Reviews: (partial list)
The Washington Post
The New York Times
New York Herald Tribune
Art in America
Here are a few exerpts from museum catalogs:
“A more successful sculptural project emerged in 1964 from the Corcoran Gallery School of Art’s National Playground Sculpture Competition, supported by the National Endowment for the Arts. Artist Colin Greenly’s winning design, Wishbone House ), was a six-foot-high precast concrete A-shaped frame that encouraged both active climbing and quiet play in the shaded bench area within. For this project Greenly considered, as he explained, “playground, sculpture, climb on, climb in, sit on, shade essential, minimum upkeep, maximum shape, minimum cost, reproducibility.” He objected to the placement of the original cast in a wealthy section of Washington, D.C., and Lady Bird Johnson arranged for a second installation in an underserved neighborhood. Others followed, and multiple Wishbone Houses still exist today, including at the Potomac School in McLean, Virginia.”
“Century of the Child, Growing by Design", Exhibition catalog by Juliet Kinchin & Aidan O'Connor. The Museum of Modern Art, 2012.
"For many years Colin Greenly has been searching for means to express visually the nature of existence. Because this quest has dominated his approach to art, there has been a number of dramatic transformations in his work as his focus has shifted from one aspect of the problem to another. Often he has pursued his goal in several directions simultaneously with a constant interplay of internal references, so that a sequential description of his creative evolution is certain to be misleading. Consequently, it is impossible to characterize Greenly's work in terms of style, but stylistic labels, of course, are beside the point when one is striving for universal truth. In tracing the rough outlines of his search in this brief essay, I am necessarily omitting many facets of his art that have been significant in the development of his imagery.
In his dedication to the expression of universal relationships, Greenly may be likened to Piet Mondrian, the great Dutch painter, even though the imagery of the two artists is entirely dissimilar. Mondrian began with a deep devotion to nature, gradually developing the power to extract from natural objects their formal essences and, learning much from Cubism, he progressively eliminated "accidental" elements until he had stripped down his means of expression to black, white, and the three primary colors, relating them only in what we would now call the "goo gestalt", but for him the implications of pure plastic expression were also highly moral, even religious, and always closely related to the essence of nature. "When one does not represent things," he wrote in 1914, "a place remains for the divine."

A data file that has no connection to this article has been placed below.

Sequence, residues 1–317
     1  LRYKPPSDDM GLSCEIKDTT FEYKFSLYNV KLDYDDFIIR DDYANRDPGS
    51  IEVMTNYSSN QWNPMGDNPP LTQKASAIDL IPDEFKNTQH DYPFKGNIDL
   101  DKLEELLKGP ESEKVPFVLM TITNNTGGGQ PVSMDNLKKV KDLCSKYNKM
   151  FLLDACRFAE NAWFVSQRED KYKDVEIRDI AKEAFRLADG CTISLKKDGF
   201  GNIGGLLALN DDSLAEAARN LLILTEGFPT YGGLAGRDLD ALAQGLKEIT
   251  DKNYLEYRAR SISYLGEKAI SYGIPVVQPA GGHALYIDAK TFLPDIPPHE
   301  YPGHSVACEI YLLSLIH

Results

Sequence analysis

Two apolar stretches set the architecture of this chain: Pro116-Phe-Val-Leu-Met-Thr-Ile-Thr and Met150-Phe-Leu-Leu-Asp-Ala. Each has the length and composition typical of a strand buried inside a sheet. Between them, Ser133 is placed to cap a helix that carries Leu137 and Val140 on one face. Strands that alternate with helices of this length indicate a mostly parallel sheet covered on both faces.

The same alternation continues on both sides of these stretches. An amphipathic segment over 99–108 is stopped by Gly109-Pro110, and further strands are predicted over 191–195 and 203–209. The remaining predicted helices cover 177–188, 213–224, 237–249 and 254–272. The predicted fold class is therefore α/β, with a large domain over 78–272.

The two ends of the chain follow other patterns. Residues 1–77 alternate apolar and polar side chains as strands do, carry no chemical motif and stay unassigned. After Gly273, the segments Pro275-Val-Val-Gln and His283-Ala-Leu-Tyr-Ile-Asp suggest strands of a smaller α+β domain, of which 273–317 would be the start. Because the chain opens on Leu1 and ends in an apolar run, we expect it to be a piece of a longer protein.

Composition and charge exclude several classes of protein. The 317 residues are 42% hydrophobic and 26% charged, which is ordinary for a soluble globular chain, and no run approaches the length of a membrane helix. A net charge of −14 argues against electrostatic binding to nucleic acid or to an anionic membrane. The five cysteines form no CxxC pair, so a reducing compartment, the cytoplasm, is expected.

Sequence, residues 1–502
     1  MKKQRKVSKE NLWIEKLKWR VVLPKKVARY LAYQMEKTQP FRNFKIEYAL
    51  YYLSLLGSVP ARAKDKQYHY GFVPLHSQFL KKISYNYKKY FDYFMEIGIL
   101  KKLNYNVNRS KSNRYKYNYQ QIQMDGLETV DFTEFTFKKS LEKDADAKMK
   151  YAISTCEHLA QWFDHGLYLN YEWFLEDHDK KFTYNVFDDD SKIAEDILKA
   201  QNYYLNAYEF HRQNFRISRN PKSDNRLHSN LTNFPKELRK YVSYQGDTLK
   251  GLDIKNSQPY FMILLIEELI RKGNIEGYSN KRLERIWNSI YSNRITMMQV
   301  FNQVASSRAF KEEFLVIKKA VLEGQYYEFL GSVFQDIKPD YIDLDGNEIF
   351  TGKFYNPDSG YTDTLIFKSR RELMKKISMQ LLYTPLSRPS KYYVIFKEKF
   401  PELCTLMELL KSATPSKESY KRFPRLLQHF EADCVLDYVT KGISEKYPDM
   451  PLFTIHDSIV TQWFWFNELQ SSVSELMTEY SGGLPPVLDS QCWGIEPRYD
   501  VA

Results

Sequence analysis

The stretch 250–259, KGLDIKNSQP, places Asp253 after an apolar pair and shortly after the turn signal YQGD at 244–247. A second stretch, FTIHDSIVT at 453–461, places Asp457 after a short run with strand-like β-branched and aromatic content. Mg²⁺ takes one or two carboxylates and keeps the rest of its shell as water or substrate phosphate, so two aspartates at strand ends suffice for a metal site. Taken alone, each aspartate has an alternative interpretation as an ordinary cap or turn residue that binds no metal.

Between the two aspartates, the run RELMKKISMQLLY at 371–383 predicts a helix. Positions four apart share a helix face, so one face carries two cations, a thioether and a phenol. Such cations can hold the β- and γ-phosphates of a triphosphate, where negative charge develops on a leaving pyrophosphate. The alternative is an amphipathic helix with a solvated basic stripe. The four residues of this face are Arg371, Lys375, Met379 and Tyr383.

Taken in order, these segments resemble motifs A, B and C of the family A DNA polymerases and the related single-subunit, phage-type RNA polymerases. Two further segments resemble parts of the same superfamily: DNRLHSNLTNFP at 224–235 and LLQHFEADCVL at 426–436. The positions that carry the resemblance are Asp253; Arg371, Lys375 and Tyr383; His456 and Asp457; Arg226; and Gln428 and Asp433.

Like Mondrian, Colin Greenly began as a painter of nature's objects. As early as the mid-1950s, he began to sense an energy exchange, both in space and in time, between the objects represented in his painting. This was especially evident in a series of hand-string-kite evocations and in certain paintings and drawings in which images emerged subconsciously, as if from other times or lives. His awareness of these energy/time exchanges grew constantly, and he initiated a search for universal forms through which this exchange could be communicated more directly. Greenly's searching did not lead him to the splintered shapes of Cubism or to Mondrian's purely plastic expression, but rather to the discovery of forms in nature that are frequent enough to be considered almost universal. The forms he used became completely abstract, but through their organic quality they retained the energy of nature. These shapes were roughly square, but with rounded sides and one side smaller than the others. In an effort to add the dimension of time to his work, Greenly soon began constructing sculpture, using the shapes from his paintings in layers cut from plastic. The quality of light in them resulting from reflections on the different layers changed constantly as the viewpoint and daylight varied, so that the dimension of time was incorporated into the perception of them. As he worked with the plastic materials, the artist continually refined the shapes, trying to reduce their individual directional energy so that they would become more peaceful and mutually supportive.